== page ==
RMCSANS

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A C++ implementation of the Reverse Monte Carlo algorithm for Small Angle Neutron scattering data

 

This is a C++ implementation of the Reverse Monte Carlo algorithm for deriving structures of disordered materials from Small Angle Neutron Scattering (SANS) data, which can be aided by coordination constraints.

What is the difference between RMC and RMCSANS?

Ø      Small angle neutron scattering data can give information about the structure of materials in the size domain nanometre to micrometre. Here composite particles (replacing whole groups of atoms) are the particles in our simulation box.

Ø      Normal RMC simulation models atomic structures based on mainly neutron and/or X-ray diffraction data, and the simulation box contains atoms.

This seems to be only a question of particle size, but due to the contribution of the inner structure of the composite particle to the scattering the theory and so forth the calculation a bit different, so it is important to choose the simulation method appropriately.

What is RMCSANS good for?

If you have small angle neutron scattering data, and you are interested in their structure, then you can build 3-D structural models with RMCSANS hopefully in good agreement with the experimental data. To learn more about conventional RMC, visit the References page of the RMC website.

See the flowchart of the RMCSANS programme and some results here.

History of RMCSANS++

The idea of RMCSANS came from Robert McGreevy in 2007.

The RMCSANS code is based on RMC_multi++, and was written in C++ by by Orsolya Gereben in 2007
 with the help of László Pusztai (Research Institute for Solid State Physics and Optics of the Hungarian Academy of Sciences, Budapest)
with the financial support of
the ISIS.

The initial results of RMCSANS were presented at the RMC-4 conference in 2009.

If you use RMCSANS++, please cite:

O Gereben, L Pusztai and R L McGreevy: RMCSANS—modelling the inter-particle term of small angle scattering data via the reverse Monte Carlo method

J. Phys.: Condens. Matter 22 (2010) 404216

 

How to use RMCSANS++

A short manual is describing the functionalities and usage of the RMCSANS programme.

 

Visualization with AtomEye3.1

If Atomeye option is selected, then RMCSANS can produce AtomEye format configurations files (see the manual about the details), and the configurations can be visualized by Atomeye3.1 during or after the simulation. AtomEye is originally written by J. Li and modified to create AtomEye3 by S. Futoshi, and it is an atomistic configuration viewer with lots of capabilities. As this software can only handle atoms, it had to be modified to display our composite particles with custom size, to be able to display sequences of configurations, waiting for a new configuration, while it is available, and several other modifications. The modifications were made by Orsolya Gereben in 2007, and the new version is called AtomEye3.1. This is still a separate program, only working under Linux. You can see some images produced by AtomEye for systems used to test RMCSANS on the AtomEye page of the website, and download AtomEye3.1.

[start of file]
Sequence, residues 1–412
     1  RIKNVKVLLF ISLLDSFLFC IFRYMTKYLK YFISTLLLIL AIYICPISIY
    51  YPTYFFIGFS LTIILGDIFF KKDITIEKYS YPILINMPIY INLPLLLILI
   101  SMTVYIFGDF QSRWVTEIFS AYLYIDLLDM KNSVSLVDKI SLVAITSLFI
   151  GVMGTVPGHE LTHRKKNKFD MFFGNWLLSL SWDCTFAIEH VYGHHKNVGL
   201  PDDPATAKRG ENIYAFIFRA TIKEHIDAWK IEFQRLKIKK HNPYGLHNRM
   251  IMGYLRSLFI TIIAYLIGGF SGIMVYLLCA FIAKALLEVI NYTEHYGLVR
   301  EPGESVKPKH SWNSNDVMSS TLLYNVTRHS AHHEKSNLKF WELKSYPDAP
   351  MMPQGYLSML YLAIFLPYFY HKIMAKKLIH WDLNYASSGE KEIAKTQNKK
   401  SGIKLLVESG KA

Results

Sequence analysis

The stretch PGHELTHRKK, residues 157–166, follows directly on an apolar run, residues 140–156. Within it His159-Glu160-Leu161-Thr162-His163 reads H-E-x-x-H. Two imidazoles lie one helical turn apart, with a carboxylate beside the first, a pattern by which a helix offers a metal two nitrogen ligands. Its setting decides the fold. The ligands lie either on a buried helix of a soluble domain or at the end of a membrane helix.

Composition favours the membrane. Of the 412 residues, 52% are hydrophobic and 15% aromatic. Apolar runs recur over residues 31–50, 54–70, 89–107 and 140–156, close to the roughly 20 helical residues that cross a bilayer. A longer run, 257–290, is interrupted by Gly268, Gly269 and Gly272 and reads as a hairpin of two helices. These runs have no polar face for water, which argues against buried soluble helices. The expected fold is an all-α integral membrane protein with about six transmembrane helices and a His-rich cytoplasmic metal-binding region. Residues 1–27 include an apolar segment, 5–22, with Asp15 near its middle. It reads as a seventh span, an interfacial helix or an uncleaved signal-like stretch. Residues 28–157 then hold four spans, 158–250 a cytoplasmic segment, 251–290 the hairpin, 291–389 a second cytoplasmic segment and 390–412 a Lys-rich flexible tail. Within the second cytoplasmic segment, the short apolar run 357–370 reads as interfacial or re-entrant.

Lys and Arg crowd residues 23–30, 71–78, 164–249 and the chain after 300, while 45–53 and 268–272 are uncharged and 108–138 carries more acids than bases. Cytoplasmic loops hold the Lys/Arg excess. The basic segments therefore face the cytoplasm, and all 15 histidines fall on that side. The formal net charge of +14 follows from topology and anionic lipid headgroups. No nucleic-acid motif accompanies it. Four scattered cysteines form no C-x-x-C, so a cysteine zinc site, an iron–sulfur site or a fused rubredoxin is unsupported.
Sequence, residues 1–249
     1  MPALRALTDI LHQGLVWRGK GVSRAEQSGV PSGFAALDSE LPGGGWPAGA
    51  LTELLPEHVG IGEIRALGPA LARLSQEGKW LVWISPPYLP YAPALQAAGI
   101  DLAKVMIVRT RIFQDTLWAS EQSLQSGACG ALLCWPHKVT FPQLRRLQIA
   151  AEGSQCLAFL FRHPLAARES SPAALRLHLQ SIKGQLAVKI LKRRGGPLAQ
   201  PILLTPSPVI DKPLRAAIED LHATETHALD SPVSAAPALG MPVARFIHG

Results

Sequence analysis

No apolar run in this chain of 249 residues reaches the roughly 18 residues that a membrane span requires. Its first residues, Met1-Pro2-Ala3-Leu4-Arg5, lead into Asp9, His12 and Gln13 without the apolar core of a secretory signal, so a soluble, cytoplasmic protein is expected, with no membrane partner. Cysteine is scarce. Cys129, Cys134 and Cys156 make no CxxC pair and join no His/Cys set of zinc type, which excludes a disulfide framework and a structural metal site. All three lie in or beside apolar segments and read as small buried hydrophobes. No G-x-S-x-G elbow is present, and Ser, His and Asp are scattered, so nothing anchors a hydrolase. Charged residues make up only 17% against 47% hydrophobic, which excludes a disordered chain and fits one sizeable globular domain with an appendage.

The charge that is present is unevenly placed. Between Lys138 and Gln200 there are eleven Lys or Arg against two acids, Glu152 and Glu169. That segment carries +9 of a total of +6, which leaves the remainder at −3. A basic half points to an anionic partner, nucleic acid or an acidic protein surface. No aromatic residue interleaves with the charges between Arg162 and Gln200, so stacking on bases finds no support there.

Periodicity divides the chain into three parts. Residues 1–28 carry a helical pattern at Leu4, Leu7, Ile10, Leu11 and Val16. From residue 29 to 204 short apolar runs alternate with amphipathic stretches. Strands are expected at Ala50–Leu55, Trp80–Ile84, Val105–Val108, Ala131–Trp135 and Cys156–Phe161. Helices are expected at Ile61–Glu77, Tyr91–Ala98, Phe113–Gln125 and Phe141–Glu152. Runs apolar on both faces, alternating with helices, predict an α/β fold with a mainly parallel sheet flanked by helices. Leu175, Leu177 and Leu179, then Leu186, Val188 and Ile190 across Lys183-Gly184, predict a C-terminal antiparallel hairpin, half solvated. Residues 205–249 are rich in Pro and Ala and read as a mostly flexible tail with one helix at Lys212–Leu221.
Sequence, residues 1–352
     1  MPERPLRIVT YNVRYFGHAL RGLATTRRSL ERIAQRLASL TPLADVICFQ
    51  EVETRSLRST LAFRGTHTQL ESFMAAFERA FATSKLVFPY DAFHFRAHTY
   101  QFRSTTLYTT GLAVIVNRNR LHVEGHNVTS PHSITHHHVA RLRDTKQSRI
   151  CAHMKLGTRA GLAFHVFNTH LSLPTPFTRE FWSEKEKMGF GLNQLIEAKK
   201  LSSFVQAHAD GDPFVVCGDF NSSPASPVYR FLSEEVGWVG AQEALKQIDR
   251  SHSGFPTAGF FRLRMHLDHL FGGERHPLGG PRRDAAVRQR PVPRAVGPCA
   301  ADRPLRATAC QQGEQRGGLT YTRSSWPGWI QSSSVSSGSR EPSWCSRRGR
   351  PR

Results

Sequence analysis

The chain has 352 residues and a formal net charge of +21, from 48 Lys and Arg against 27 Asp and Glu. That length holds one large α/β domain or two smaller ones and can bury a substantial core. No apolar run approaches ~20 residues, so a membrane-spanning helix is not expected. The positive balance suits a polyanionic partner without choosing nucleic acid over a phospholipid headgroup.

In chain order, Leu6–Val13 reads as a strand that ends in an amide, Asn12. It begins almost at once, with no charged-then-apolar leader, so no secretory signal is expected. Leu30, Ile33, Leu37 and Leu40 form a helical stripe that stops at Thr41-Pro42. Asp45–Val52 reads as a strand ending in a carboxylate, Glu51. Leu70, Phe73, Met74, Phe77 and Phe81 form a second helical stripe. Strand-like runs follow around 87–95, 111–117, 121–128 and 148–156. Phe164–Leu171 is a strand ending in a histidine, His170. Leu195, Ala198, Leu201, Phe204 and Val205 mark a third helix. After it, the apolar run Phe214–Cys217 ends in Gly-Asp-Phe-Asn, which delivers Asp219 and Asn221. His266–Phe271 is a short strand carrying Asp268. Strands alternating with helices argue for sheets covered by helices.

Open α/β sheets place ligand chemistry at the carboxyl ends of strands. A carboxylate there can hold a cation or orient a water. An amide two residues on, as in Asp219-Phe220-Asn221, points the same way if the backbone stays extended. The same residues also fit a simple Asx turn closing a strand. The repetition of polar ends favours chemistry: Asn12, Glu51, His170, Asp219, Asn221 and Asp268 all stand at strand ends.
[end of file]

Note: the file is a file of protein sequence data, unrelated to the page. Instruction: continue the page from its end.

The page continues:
Download RMCSANS++

The source and the executables of RMCSANS tested for Windows and Linux operating systems are available under the GNU Public License. You are free to download, use and modify the programme

The code was tested on computers using WINDOWS and LINUX operation system. There is a slight difference in the code as some necessary commands were not the part of the standard C++, so the platform has to be chosen by a compilation option switch. There are other option switches in the alter.h file, choosing or not choosing them before compilation regulates some of the functionality the executable will poses. Compiling for multi-threaded execution also regulated only by compiler option. See the details of the available options in the RMCSANS manual.

There will be a package for both of the supported platforms, the content of which will only differ in that the WINDOWS packages will contain the POSIX interface files. There will be two executables in each package one compiled for consecutive, the other for multi-threaded execution, both in normal simulation mode with all the other available compiler options switched off the WINDOWS package on a 32-bit, but the LINUX package on a 64-bit processor.

 

 

Windows package

 

Download RMCSANS Windows package (1.604 kB)

 

 

 

LINUX package

 

Download RMCSANS Linux package (1.305 kB)

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Page created by Orsolya Gereben

Last modified 23/09/2010 by Orsolya Gereben